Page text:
When she had entered Wellesley, it was still the practice for graduating women to run a hoop-rolling race, with the winner reputed to be the first one who would get married. By her time there, the hoops were being used for hula hoops. The president of the school did not like what she saw happening. Nora Ephron, who graduated from Wellesley in 1962, says that it was typical of the school that the president saw Ms. Clinton swimming in a forbidden area after she had finished her graduation speech and sent a security guard to take away the clothes and coke-bottle glasses she had left on the shore. Since she was all but blind without the thick lenses, she did not see them being removed. “It just reminded me,” says Ms. Ephron, “of what Wellesley really was like, what Wellesley really wanted from its young women in that period. They did not want you to be a controversial graduation speaker. They wanted you to be the president of the League of Women Voters.”11
The commencement speaker invited to address the ladies in 1969, the very respectable Senator Edward Brooke, said what the president and most parents wanted to hear—that the protests students were mounting were mindless. They refused to see that President Nixon had so cut the poverty rate that “the total number of poor is now sufficiently small to contemplate rapid and large-scale action to end poverty.” Attacking the self-indulgence of a student “Lumpenbourgeoisie,” Brooke quoted with approval Al Capp, who was ridiculing feminists with his character “Joaney Phoney.” It was a long and pompous and self-satisfied speech, and Ms. Clinton could not let it go unchallenged.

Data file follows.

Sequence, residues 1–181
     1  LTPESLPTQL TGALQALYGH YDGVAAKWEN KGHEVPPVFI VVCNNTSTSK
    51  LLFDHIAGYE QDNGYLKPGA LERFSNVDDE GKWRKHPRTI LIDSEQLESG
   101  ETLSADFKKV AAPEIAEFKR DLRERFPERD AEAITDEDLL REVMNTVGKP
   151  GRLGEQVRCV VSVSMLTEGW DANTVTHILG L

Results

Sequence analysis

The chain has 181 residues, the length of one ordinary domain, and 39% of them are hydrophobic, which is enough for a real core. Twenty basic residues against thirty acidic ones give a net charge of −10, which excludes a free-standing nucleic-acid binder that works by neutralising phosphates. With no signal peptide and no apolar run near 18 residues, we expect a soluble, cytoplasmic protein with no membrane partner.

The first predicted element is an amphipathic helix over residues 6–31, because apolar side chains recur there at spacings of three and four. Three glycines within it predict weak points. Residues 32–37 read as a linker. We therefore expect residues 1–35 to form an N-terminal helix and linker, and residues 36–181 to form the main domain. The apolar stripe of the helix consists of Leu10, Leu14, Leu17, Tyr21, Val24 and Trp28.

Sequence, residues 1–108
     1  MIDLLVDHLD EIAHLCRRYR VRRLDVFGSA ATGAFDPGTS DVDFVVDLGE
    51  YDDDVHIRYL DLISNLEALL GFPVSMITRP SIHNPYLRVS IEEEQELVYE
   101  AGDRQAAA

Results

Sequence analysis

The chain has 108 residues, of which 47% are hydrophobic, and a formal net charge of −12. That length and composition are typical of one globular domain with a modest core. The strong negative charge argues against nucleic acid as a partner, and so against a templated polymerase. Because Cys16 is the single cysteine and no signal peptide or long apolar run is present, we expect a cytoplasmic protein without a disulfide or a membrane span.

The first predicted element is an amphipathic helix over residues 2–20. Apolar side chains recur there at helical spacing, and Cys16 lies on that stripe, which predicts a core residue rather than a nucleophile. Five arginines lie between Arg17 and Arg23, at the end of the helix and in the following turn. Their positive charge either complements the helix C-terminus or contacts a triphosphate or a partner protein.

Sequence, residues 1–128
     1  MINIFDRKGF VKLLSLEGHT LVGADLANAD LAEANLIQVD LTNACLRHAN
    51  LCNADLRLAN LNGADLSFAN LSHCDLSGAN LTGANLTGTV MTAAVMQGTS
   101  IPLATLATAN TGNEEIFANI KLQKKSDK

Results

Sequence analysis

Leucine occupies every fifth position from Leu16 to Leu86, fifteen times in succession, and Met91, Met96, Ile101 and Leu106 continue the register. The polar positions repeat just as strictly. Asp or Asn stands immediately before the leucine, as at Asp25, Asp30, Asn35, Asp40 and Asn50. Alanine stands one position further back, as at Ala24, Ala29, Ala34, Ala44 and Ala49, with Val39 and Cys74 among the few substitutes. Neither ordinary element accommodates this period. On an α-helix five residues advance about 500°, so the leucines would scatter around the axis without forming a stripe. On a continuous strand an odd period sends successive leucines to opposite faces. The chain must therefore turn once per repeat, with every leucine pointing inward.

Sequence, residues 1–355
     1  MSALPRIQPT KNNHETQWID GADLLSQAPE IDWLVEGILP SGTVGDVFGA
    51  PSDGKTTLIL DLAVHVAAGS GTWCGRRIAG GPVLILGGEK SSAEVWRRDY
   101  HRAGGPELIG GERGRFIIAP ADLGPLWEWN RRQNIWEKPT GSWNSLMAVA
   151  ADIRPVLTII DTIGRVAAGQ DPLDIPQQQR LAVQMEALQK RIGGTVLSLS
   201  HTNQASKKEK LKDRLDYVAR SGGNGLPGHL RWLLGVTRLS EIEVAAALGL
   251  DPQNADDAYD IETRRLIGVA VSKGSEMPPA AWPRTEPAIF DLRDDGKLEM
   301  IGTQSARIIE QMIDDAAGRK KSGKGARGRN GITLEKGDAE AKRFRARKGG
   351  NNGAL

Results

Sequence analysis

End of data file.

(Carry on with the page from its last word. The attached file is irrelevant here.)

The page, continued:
She had canvassed the students who put her up to speak after demanding that Wellesley for the first time let the voice of one of the graduates be heard. Her classmates told her to stress three themes—integrity, trust, and respect—which they felt society had forfeited. Answering the senator’s claim that the women should be satisfied with how much the President was doing, she said:
Our attitudes are easily understood—having grown up, having come to consciousness in the first five years of this decade, years dominated by men with dreams, men in the civil rights movement, the Peace Corps, the space program—so we arrived at Wellesley and we found, as all of us have found, that there was a gap between expectation and realities. But it wasn’t a discouraging gap, and it did not turn us into cynical bitter old women at the age of eighteen. It just inspired us to do something about that gap.